More questions than answers

Much like my final maths paper in matric, the Proteas recent tour Down Under has left the South African public with a lot more questions than there are answers.

South Africa’s brief tour to New Zealand is but a distant memory now, almost as though it didn’t exist. We hammered the Black Caps 2-nil in their ODI series before making the trip across the Tasman for a slightly longer tour (the third match was rained off). The T20 series was lost 2 – 1 and the ODI series 4 – 1 in what was a productive learning curve for the Proteas ahead of the 2015 World Cup. Let’s take a closer look at some of the major talking points from the skirmishes between the Proteas and the Aussies.

What we’ve learned so far:

1. Steve Smith is a butterfly

When Steven Peter Devereux Smith emerged on the international circuit in 2010, he was talked up as the next Shane Warne. The 21 year-old came into the Aussie side as a promising leggie who could bat a bit. Fast forward some four years and that little leg-spinning caterpillar has burst free from his silk woven cocoon-prison. He is now a most beautiful butterfly and one of the most feared batsmen in international cricket. It all started with his maiden Test ton at the Oval last year; since then he has been on the rampage with a further three Test tons to go with his two in ODI’s. He was named Man of the Series against the Proteas for his 254 runs (Ave 84.6) and thus virtually confirmed his spot for the World Cup and fluttered his pretty little wings high into the cricket sky alongside fellow butterfly Angelo Mathews.

2. Channel 9 knows how to cover a cricket match

The commentary team are legendary if not cult like, thanks in large to Billy Birmingham’s The 12th man. However, it is not the only thing that makes watching Aussie cricket so pleasant. For years the Channel 9 folks have been at the forefront of technology and are constantly finding new and innovative ways to bring the game of cricket to life for it’s viewers. Spider-cam, hawk-eye, third umpire mics, awesome graphics and some of the most colourful personalities in commentary make for a great viewing experience…even if they are a tad biased patriotic!

3. Wayne Parnell’s hairdo is still not cool

I’m no fashionista, nor will I ever be. We need Samuel L Jackson to march into the Proteas change room and belt out his famous ‘Enough is enough’ line from the greatest movie ever made, Snakes on a Plane. Parny’s hairdo is zero cool, no matter what angle you look at it from. Julian Savea had a similar thing going earlier in the year and despite cooking on the field, he very wisely chose to get the snip. I’ve seen a few folks wondering around with the ‘Parny cut’ including that Vic newsreader bloke from 5fm, but that’s not exactly who you want to be compared to Wayne. Oh and his bowling probably needs some trimming too.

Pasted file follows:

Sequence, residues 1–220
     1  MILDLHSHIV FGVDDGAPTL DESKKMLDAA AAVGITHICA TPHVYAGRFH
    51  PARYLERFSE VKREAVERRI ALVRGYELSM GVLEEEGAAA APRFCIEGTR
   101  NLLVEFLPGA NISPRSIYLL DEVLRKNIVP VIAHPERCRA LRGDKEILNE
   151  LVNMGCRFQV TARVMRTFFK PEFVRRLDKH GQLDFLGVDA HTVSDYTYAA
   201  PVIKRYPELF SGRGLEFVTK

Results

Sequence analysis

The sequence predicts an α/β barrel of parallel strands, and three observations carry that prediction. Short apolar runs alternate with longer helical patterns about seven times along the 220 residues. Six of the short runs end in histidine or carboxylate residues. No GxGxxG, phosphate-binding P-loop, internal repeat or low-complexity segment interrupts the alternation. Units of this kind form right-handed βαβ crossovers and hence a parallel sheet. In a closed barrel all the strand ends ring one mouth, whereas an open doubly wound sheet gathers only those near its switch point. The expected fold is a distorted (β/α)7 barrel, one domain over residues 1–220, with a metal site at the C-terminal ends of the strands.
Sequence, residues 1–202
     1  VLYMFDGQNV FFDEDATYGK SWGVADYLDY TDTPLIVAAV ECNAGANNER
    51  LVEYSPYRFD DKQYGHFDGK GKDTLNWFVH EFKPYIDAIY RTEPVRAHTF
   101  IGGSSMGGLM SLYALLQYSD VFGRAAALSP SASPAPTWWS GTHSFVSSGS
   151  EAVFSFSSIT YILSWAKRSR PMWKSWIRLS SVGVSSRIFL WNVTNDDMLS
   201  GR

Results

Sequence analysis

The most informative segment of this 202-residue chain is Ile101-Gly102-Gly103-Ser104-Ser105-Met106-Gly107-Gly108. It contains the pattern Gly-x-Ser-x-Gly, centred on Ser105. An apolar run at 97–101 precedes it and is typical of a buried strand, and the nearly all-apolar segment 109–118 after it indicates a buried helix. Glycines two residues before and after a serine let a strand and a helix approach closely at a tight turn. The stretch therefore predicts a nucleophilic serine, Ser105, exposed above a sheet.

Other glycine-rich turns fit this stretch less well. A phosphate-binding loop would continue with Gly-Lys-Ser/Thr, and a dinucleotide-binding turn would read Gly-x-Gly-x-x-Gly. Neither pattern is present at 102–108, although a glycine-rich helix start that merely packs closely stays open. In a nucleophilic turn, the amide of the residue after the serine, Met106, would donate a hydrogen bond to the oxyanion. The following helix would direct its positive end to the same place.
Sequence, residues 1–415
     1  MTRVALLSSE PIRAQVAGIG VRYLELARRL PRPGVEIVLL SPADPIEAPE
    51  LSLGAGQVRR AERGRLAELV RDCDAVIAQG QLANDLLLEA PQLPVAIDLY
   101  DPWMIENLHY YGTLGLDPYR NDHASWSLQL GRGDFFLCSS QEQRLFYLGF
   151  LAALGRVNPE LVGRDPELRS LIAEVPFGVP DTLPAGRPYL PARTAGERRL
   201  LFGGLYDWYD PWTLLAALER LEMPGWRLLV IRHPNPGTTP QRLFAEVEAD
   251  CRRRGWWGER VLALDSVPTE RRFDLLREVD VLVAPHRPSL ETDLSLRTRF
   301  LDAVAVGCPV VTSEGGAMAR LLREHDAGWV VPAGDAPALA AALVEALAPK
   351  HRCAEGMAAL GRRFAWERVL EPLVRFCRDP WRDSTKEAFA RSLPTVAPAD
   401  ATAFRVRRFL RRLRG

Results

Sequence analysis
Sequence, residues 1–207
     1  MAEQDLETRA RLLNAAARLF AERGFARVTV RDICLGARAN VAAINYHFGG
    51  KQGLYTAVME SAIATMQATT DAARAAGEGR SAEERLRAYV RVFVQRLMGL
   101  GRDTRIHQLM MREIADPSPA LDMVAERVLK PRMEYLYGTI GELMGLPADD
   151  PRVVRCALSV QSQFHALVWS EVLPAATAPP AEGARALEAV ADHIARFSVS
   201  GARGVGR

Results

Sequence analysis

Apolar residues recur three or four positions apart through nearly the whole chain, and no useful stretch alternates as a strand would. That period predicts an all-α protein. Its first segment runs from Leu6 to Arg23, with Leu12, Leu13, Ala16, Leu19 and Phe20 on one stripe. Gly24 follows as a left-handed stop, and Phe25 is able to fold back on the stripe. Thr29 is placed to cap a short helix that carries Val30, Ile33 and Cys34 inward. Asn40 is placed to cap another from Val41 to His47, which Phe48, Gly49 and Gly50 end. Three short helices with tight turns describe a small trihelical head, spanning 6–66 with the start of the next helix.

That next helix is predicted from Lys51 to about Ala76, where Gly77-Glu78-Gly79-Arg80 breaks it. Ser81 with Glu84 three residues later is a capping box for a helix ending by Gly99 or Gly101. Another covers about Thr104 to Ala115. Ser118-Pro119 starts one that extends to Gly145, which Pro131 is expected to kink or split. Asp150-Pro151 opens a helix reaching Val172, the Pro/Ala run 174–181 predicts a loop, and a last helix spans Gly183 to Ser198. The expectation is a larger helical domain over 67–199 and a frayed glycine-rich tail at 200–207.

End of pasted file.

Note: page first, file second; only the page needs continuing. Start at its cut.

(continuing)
SA's version of a left-arm quick vs Australia's version of a left-arm quick. Both are scary.

SA’s version of a left-arm quick vs Australia’s version of a left-arm quick. Both are scary, albeit for different reasons.

4. AB de Villiers is a freak, not an allrounder

Is there anything this man cannot do on a cricket field? He has proven that time and time again just how wonderful he is with the bat, behind the stumps and in the field. Whilst we are fascinated that he can bowl, let’s all calm it down a touch. Yes he’s not a bad bowler, but he is not a good bowler either and should not be tasked with bowling many, if any, overs in a One Day International. As far as his batting goes, he is like a bag of Chuckles from Woolworths – simply the best thing money can buy.

5. The Proteas lineup is about as balanced as a one legged giraffe on a tight rope

A lot of this will be as a result of point 7, but my giddy aunt there is something not right about the make up of our side at the moment! If we were a spaceship we’d have Neil Armstrong on radio to base saying ‘Houston we have a problem’. Kallis and Duminy’s absence has been felt predominantly in the make up of the side as we tend to be either a batsman or a bowler light. McLaren, Parnell and Philander’s batting has been poor and they seem incapable at number seven and eight, whilst playing Behardien and AB as a fifth bowler is rather silly. Either McLaren, Parnell and Philander need to up their game with the willow or we need to find ourselves a genuine allrounder, much like the Aussies have in Watson, Marsh, Faulkner and even Maxwell.